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Remembered Today:

The Black Watch


nilved
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My Great Uncle Martin Devlin enlisted in The Back Watch (Royal Highlanders) at Falkirk, Stirlingshire on the 27th October 1914. He was discharged as "no longer physically fit for war" at Perth on the 12th May 1916 having been wounded in France. His Service No. was 10416, Rank - Private. See attached certificate. Is there any way of obtaining any further information on him?

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Hi Nilved

Martin's name was published in the Official Wounded Lists in "The Scotsman" newspaper on 15.2.1916. The list was compiled over various dates.

Hope this is of help. :)

If you have his actual medals could you check his prefix ? I have him as SRA 10416 (which I beleive is Special Reserve Army) not S/10416.

Fred

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Fred,

Were the black Watch service numbers allocated on enlistment or where the men allocated to specific battalions first and then alloted numbers there?

i.e is it possible to tell the battalion of a Black Watch soldier by his service number?

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Fred,

Where can I get a copy of the Scotsman listing you mention?

I do not have Martin's medals. He emigrated to America, arriving at Ellis Island on 2nd October 1917. He died in California on 21 September 1970 at the right old age of 79 years and 4 days (b 17 September 1891 in Blantyre, Lanarkshire).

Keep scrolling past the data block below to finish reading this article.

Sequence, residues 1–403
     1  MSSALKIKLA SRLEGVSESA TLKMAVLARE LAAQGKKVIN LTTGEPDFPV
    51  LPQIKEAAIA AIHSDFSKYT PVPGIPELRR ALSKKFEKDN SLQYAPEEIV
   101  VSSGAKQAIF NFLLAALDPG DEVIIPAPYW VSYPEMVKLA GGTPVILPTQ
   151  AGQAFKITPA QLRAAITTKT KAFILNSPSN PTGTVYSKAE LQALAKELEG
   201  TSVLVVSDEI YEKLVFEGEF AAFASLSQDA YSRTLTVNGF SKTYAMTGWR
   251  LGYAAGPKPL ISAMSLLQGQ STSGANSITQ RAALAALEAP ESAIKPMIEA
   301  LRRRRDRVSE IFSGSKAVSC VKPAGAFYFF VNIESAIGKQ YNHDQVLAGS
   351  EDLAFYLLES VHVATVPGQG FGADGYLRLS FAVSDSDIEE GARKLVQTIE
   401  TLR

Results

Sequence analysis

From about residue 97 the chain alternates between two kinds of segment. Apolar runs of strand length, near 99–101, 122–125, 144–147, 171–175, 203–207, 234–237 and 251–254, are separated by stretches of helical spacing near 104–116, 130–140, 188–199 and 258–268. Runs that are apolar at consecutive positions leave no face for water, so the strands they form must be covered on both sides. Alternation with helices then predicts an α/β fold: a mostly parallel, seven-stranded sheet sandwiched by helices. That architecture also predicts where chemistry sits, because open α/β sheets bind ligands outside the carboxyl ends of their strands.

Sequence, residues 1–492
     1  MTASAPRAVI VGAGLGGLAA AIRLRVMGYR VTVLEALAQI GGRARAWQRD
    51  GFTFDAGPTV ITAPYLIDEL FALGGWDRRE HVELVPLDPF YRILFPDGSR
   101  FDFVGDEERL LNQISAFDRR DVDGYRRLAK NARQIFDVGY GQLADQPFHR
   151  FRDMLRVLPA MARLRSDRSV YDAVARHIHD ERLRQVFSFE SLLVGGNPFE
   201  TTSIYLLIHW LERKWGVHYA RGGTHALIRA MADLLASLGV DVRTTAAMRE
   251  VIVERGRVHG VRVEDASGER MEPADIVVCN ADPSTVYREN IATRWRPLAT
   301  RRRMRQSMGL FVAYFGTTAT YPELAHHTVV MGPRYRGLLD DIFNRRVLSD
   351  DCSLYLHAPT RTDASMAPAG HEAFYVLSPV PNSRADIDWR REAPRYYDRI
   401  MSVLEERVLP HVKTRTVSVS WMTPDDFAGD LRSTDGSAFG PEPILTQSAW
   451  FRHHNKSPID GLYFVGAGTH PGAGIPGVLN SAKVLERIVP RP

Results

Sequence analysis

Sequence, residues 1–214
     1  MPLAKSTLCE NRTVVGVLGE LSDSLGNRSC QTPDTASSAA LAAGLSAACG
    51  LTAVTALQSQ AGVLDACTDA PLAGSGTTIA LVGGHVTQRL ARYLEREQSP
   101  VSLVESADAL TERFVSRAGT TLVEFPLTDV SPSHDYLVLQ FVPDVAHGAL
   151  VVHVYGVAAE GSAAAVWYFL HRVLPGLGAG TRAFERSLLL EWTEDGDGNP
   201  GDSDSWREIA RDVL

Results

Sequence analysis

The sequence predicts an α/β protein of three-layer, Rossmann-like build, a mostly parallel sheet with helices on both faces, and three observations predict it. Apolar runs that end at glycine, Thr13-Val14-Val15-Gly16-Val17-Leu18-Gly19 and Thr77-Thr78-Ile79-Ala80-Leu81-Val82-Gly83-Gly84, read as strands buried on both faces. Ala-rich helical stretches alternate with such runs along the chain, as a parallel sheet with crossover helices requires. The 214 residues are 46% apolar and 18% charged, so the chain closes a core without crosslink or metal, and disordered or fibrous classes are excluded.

Regarding his service no., I have taken that from his discharge certificate posted above.

Jim Devlin

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Jim

I live on the other sid of the River Clyde from Blantyre, small world eh?

The Scotsman newspaper is held in most major reference libraries in Scotland, eg The Mitchell in Glasgow, St.Andrews University Library and the National Library of Scotland. I will check to see if I still have a photocopy of it but its most unlightly.

He was not subsequently published in the lists saying which hopital he went to.

Service numbers were a grey area, nos. 1-1000 were repeated in each battalion so you can have a few people with the same number Higher numbers came in when it was decided to sort this out. Some were re-numbered with new 6 digit numbers which were in blocks tto each battalion although with wounding and later posting to other battalions this cannot be relied upon.

Fred

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